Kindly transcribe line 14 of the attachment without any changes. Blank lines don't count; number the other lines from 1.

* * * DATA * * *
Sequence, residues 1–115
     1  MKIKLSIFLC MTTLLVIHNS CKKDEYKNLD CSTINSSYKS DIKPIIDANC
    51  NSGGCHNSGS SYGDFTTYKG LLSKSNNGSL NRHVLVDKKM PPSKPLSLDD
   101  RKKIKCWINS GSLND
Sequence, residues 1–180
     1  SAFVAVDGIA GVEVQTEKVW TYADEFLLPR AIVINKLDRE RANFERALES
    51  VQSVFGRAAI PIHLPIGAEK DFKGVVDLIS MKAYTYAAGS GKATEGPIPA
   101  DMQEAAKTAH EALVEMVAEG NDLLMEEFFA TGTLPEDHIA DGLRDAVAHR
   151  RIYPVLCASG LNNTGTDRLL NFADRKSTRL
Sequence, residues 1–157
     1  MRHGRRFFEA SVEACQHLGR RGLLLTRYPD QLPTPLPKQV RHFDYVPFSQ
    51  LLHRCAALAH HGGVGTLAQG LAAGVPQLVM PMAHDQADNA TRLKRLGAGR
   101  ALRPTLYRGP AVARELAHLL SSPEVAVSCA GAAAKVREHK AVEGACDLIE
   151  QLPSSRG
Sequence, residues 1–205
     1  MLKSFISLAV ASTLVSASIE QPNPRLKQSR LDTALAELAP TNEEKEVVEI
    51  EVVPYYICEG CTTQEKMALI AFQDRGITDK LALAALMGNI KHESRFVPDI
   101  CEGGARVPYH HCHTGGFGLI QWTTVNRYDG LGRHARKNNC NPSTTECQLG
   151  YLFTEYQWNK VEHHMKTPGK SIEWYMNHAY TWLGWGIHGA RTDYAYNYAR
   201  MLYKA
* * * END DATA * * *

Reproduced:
   151  QLPSSRG